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Branded - Film Review

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by Tinderlocks (subscribe)
I'm a budding sound designer and composer for film. I live, eat and breathe movies!
Published February 12th 2013
Advertising controls our desires
So those of you who read my review, Top 5 Sci-fi Films To Look Out For in 2013, will know that I have been patiently waiting for the release of Branded for sometime. Maybe because my expectations were so high or the fact that I'd seen the trailer too many times, but the film did not quite hit the mark.

Set in the not distant future in Moscow, Russia, Branded tells the story of a successful marketing genius, Misha (Ed Stoppard). He is a part of the governing presence of advertising in Russia, ultimately controlling what the people buy, do and think. He and his girlfriend, Abby (Leelee Sobieski) team up to produce a reality TV show, similar to Extreme Makeover, where an overweight guest undergoes plastic surgery to achieve beautification. The show garners immense attention by the public but everything goes awry when after the surgery is completed and the girl fails to wake up. The public is outraged by the producers and Misha flees the city to escape his marketing wrongdoings. Years later, after a strange incident, he returns to Moscow only to find that "fat" is fashionable and advertising has triumphed, the people powerless to its commanding effect. Misha, seeing the consumer desires actually manifested as physical creatures growing from people, devises a plan to rid the world from advertising once and for all.

Okay, so the movie to me had two distinct chapters. The first half was very relatable to modern society with advertising controlling how the populous thinks. The second half of the film suddenly introduces a sci-fi aspect, which is completely unwarranted and just plain weird. The film trailer especially seemed to concentrate on these "consumer creatures" so as a viewer I expected this aspect to be more prevalent throughout, as a result the first half of the film seemed rather lengthy. The creatures themselves looked ridiculous, some looked like balloon animals while others looked liked hairy amoebas, had Nuremberg scissor bodies or were giant soft drink bottles transformed into colossal insect beasts. They were never clarified and one can only assume they were a metaphorical hallucination by Misha (the best reasoning I could come up with). Other peculiar happenings in the film like the moving star constellation, the cow ritual and the unexplained bolts of lightning further confounded the story.

jeff and ed
Jeffrey Tambor and Ed Stoppard.
The movie to me seemed to not make up its mind which genres and film styles it wanted to execute, not really doing either of them any justice. Don't get me wrong, I love mixed-genre films. Tarantino does this superbly but he delivers a genre, like a kung-fu film or a Western, to its meticulous cliché and then adds his personal touches. Branded however did not accomplish the sci-fi genre well, with only fleeting glimpses at dystopian themes and the supernatural. Additionally, a narrative was frequently heard incessantly informing us dim-witted viewers the details of the story that we were simultaneously witnessing on screen. The narrative was purposeless making scenes tiresome and over-explained. The flashbacks, in 4:3 screen ratio, were a nice quirky touch but the whimsical effect took away from the seriousness of the film.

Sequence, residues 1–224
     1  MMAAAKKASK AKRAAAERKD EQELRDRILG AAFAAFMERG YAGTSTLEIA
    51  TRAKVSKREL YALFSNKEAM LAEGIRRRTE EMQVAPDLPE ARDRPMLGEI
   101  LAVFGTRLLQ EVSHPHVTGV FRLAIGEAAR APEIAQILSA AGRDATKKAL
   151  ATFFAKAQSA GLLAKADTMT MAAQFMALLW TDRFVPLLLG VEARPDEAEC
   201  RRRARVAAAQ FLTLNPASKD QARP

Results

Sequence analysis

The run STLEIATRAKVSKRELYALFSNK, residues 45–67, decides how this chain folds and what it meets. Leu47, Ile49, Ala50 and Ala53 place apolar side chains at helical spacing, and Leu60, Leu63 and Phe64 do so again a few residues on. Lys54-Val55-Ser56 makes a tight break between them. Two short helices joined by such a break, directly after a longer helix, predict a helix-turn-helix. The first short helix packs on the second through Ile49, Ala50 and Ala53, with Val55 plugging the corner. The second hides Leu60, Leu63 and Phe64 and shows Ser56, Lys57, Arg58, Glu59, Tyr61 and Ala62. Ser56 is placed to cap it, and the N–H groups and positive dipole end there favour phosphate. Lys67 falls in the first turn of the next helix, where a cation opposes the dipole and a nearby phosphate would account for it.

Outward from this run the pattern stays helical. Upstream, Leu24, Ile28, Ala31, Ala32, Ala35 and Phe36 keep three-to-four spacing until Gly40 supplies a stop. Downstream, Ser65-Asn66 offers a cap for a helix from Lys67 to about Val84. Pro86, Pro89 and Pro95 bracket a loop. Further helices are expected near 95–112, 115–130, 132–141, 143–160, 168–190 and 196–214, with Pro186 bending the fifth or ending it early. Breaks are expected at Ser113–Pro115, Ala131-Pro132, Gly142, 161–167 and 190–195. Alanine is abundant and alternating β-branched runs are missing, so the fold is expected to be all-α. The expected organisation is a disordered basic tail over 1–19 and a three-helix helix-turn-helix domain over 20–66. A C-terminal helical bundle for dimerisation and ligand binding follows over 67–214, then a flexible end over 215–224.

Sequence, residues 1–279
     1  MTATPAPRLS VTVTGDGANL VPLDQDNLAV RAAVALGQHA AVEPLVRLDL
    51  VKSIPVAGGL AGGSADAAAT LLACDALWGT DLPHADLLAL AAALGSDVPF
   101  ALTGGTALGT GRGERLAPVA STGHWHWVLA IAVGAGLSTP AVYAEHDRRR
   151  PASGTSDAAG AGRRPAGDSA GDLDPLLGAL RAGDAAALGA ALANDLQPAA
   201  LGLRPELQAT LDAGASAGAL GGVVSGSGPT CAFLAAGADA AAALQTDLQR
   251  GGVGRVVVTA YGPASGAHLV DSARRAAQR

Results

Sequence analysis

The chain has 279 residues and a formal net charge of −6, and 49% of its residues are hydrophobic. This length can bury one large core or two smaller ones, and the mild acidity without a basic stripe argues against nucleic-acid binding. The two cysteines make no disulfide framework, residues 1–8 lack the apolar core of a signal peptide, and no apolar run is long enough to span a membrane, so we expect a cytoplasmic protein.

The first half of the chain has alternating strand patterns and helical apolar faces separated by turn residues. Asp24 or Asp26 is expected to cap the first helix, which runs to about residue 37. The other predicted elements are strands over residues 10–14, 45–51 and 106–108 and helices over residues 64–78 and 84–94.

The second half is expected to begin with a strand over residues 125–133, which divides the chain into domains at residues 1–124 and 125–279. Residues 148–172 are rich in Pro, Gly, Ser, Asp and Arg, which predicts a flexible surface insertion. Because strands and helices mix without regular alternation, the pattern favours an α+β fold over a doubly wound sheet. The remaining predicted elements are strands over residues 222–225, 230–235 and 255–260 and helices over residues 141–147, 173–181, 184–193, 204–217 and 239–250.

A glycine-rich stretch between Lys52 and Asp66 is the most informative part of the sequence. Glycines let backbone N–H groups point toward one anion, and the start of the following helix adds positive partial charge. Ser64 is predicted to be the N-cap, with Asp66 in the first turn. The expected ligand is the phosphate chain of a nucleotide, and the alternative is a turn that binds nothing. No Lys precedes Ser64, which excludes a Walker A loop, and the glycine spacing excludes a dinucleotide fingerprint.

ed
Ed Stoppard as Misha.
Branded has been compared to John Carpenter's satire, They Live!, where the world has been taken over by aliens and advertising literally controls the masses. Carpenter's film however took the comedic route, over-exaggerating themes of control to be funny yet applicable. Branded also neglected to take the serious approach and follow the dystopian oppression path like films Nineteen Eighty-Four, Dark City or Brazil. It could have been a really dark, brooding movie but was instead a bit of a jack-of-all-trades mess.

Okay, criticisms aside, I did enjoy the story. Not including the "creatures", the plot was intriguing and to me quite illuminating into the world of marketing, especially with the Russian setting. I
Leelee Sobieski as Abby.
agreed with the themes of advertising dictating consumer society and loved the blatant references in the film to corporate global brands; it was a bit contemptible but highly amusing. Some of these imitated brands included Yepple (Apple), Vipsache (Versace), Obbidas (Adidas), Johnny Vodker (Johnny Walker), Soda Soda (Coca-Cola), Giant Soft (Microsoft) and the infamous The Burger (a blatant attack at McDonalds). The characters were well acted although the script was not riveting. The CGI was below par but adequate by my standards. The sound design was mostly good, mainly the creature sounds, but I did notice faults in terms of the dialogue and bad ADR syncing.

For all my disparaging observations of this film, I was still satisfactorily entertained. I liked the story, the acting was good, and despite the "creatures" and certain technical inadequacies, the film was a decent watch. I could tell that these first time directors were inexperienced and either had time restrictions, budget difficulties or an untrained crew to properly fulfill their lofty intentions. I have high hopes for their next effort. I'd give Branded a 6 out of 10.



Directed by Jamie Bradshaw and Aleksandr Dulerayn.
Written by Jamie Bradshaw and Aleksandr Dulerayn.
Starring Ed Stoppard, Leelee Sobieski, Jeffrey Tambor, Max von Sydow, Mariya Ignatova, Roman Petrenko etc.
Country: USA, Russia
Language: English, Russian

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Why? Sci-fi is always fascinating
When: Released on DVD in 2012.
Where: On DVD.
Cost: Varies.
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